Neighbor ID     Pri   State           Dead Time   Address         Interface
10.1.1.2          1   FULL/DROTHER    00:00:38    1.1.1.2         GigabitEthernet0/0/0
10.1.2.2          1   FULL/BDR        00:00:38    1.1.1.3         GigabitEthernet0/0/0

 

That command might be considered a more serious replacement for using the commands 

show ip int brief and show ip ospf database router

 

Friend I want to clear points that all 


link 
interface 
neighbor 

the

link not meaning neighbor

below lab same topology I share before but this time I add LO
you can see

LO interface appear in
show ip ospf
interface

brief 
appear in

show ip ospf

db router 
not appear in

show ip ospf

nei 

Screenshot (890).pngScreenshot (891).png

Friend I want to clear points that all


link 
interface 
neighbor 

the

link not meaning neighbor

below lab same topology I share before but this time I add LO
you can see

LO interface appear in show ip ospf interface
brief 
appear in show ip ospf db router 
not appear in show ip ospf nei

But understand, my prior reply, to yours, which I noted I was unclear about, addressed your apparent concern that

show ip ospf int brief

did not show the two routers known to OSPF through one interface, which showing the OSPF DB does.  Again, don't disagree.  I only suggested a show command that would show, in one command, both the interfaces and the neighbors, i.e. you can ascertain the additional OSPF logical connections on the single interface (in a multipoint network).

Yes, I can see your latest example shows OSPF defined on loopback interfaces both with the

show ip ospf int brief and show ip ospf database router

not shown with

show ip ospf nei

No surprise there.  Again, my last suggested command was for a more brief display to avoid the need to use those two other show commands in that particular instance.  Unfortunately, I didn't make tha clear, as I thought it was implied by the context of your prior replies.

Note, in my prior reply, I also wrote ". . .

show ip ospf

database router which has much more information . . ."

Also in that reply, I wrote "If you want a (sort of)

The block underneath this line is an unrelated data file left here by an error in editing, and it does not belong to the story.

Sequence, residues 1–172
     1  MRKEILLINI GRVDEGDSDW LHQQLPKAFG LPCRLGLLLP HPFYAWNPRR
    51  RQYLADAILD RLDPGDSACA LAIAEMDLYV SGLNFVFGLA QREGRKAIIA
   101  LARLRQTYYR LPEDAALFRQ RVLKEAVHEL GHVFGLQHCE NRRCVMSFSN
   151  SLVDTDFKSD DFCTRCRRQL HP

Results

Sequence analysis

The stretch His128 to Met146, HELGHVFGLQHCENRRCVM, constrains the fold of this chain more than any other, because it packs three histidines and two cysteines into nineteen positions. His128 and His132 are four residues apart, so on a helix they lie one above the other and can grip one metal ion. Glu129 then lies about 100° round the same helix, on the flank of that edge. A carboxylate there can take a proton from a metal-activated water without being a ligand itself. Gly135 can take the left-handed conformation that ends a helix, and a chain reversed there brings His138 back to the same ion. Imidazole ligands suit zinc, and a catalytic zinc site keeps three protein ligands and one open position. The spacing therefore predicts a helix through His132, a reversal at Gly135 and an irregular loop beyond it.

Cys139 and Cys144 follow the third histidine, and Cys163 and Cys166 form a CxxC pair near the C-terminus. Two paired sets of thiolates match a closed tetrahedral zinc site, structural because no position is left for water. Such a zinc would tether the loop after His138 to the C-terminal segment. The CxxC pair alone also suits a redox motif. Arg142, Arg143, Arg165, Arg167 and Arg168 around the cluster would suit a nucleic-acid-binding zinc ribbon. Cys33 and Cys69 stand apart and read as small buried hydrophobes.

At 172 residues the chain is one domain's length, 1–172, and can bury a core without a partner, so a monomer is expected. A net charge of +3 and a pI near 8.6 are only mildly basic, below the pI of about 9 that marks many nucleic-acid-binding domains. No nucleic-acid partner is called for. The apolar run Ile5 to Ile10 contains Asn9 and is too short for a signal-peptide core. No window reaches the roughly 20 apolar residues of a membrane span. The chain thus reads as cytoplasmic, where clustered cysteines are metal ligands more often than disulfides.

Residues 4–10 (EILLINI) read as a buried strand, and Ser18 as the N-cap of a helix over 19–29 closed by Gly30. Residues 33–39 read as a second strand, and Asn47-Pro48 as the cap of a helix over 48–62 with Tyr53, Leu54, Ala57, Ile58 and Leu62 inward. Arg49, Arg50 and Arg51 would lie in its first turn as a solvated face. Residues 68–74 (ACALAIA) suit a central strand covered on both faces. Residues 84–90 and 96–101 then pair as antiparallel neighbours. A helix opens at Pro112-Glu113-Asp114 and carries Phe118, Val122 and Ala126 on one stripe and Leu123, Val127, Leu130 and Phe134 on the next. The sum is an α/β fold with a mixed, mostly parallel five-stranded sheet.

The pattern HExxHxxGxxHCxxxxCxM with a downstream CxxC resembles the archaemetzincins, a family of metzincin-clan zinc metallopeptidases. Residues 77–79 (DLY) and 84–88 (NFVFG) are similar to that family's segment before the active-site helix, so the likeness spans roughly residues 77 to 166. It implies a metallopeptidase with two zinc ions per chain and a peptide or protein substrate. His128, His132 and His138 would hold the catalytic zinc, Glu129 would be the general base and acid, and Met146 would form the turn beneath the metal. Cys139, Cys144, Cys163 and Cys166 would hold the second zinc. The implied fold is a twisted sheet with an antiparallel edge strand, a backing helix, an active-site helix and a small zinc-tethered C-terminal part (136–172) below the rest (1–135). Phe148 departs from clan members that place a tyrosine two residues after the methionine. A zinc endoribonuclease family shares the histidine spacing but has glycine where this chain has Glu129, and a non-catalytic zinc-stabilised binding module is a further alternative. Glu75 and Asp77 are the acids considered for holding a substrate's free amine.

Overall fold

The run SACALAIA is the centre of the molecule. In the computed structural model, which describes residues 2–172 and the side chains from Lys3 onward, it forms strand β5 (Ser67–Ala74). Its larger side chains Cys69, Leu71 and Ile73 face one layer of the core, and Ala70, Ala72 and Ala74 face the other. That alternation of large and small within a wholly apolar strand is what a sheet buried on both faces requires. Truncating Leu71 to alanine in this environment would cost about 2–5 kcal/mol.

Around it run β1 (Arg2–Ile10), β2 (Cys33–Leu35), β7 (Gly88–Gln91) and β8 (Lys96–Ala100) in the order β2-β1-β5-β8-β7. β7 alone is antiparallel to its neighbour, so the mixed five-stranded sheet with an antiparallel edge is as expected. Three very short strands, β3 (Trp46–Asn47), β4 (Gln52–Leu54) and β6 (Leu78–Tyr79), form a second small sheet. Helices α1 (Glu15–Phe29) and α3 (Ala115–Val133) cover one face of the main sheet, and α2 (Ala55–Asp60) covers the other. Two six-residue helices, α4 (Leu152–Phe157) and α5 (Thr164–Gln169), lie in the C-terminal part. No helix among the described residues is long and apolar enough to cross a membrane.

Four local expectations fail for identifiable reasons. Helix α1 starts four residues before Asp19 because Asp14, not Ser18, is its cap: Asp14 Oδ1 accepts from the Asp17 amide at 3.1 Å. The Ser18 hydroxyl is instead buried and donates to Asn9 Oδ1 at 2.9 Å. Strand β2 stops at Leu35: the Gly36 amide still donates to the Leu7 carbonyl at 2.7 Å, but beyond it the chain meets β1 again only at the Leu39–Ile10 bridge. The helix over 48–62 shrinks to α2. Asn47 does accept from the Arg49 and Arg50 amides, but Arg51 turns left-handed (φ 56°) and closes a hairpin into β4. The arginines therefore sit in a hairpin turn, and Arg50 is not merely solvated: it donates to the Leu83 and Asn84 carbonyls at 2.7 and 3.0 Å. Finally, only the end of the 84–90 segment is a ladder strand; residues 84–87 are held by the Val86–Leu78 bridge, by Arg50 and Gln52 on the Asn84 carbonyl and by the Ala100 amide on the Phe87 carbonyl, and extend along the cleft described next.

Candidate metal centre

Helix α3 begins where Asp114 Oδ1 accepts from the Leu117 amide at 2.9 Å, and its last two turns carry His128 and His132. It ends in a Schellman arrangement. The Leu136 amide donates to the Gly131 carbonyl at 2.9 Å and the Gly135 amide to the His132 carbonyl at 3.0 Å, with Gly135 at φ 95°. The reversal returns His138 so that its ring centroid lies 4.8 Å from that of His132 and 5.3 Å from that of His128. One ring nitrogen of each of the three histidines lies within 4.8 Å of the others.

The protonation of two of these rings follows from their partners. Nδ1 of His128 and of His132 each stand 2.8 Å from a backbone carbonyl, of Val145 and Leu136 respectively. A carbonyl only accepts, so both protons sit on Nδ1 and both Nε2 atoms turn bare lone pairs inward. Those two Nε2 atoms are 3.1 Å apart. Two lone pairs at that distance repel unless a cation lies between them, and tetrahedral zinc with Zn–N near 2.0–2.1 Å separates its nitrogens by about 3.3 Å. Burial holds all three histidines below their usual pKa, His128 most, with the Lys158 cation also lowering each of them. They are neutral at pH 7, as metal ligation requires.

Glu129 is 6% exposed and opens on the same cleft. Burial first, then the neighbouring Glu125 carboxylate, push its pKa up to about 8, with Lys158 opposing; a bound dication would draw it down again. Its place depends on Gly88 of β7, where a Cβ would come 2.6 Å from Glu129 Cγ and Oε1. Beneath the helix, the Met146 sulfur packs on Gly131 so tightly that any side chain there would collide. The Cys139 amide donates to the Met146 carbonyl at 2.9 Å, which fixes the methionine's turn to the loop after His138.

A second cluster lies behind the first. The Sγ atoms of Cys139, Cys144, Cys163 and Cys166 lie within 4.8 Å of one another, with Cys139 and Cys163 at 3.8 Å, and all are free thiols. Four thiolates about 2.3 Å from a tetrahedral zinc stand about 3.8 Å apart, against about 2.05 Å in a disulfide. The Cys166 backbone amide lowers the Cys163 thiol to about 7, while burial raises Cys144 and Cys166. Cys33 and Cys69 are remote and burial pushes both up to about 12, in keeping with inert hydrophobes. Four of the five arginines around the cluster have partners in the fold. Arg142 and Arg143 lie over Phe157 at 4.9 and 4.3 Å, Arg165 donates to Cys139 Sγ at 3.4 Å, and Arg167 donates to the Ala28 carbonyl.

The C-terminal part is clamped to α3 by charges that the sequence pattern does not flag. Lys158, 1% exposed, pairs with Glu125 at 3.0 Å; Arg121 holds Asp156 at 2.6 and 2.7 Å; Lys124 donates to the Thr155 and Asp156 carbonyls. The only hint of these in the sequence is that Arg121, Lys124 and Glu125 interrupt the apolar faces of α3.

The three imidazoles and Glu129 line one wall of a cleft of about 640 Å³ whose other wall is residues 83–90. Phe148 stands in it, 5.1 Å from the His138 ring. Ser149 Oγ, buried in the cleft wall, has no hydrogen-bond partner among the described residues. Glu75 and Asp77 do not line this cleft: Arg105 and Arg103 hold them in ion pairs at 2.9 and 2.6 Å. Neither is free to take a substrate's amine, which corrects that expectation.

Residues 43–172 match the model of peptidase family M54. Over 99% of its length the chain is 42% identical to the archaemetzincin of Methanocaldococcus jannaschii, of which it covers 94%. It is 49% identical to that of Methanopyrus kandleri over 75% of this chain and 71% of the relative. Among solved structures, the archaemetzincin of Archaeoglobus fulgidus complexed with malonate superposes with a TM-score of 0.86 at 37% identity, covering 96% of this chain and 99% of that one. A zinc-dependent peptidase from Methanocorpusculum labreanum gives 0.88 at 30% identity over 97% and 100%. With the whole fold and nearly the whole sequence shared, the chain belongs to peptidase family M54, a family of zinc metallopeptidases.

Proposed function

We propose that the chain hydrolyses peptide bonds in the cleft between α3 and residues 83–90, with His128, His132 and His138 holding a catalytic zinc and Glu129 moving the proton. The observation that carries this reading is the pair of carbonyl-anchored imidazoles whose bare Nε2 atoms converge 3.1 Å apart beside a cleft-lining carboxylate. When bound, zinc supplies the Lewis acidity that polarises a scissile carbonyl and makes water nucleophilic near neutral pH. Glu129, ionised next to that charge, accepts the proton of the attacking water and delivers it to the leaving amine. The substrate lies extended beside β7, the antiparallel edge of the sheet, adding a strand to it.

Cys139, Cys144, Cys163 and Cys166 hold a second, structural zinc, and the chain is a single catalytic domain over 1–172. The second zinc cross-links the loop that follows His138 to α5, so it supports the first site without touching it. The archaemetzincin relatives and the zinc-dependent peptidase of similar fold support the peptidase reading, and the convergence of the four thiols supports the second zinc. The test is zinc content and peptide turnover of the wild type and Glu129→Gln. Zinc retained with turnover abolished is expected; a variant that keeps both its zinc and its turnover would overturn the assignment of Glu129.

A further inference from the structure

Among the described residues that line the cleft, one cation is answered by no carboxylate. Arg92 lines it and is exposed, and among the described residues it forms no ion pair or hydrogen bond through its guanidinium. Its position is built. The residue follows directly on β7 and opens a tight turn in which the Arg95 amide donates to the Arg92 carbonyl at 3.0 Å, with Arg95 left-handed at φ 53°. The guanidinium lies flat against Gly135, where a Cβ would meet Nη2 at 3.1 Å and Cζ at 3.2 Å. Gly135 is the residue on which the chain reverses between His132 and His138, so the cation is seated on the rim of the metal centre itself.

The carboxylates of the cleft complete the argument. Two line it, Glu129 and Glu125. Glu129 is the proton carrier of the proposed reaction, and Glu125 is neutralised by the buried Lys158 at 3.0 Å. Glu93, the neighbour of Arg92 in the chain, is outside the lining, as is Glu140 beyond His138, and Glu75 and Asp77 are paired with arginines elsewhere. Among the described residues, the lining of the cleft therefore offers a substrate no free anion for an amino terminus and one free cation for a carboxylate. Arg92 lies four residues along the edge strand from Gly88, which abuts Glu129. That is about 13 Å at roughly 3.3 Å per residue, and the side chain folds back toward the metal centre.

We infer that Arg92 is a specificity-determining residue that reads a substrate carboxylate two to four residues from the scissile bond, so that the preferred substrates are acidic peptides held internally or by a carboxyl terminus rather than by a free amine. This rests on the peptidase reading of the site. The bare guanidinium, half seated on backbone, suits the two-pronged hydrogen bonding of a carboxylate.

interface

command to show more information about connectivity . . .", and what connectivity do the loopback interfaces have?

In other words, my suggestion was NOT for an

end-all single

command, that addresses all information you may want about OSPF in some actual situation.

So if your point is,

show ip ospf db router

can be useful - 100% agree!  Certainly didn't mean to imply otherwise.  Did mean to imply, it might NOT be the most

optimal

(avoiding extraneous information) way to obtain some OSPF

factoid

(Consider, we've been both using the

brief

forms of the

two show interface

commands, but there are times to use the

non-brief version

of the command.  Do you believe I'm also suggesting we only need the

brief

variants?)

The above, though, runs a bit far outside of the OP question.

Friend I want to clear points that all 


link 
interface

Okay, so be clear - in regard to OP question, "Is there a distinction between an

interface and a link in ospf.

are

link and interface

distinct or not?

And if they are distinct, why then does OSPF RFC have "An

interface

is sometimes also referred to as a link."?

Can I know exactly

rfc of ospf

I Need to read it 

Thanks 

MHM

Getting Started

Find answers to your questions by entering keywords or phrases in the Search bar above. New here? Use these resources to familiarize yourself with the community:

Review Cisco Networking products for a $25 gift card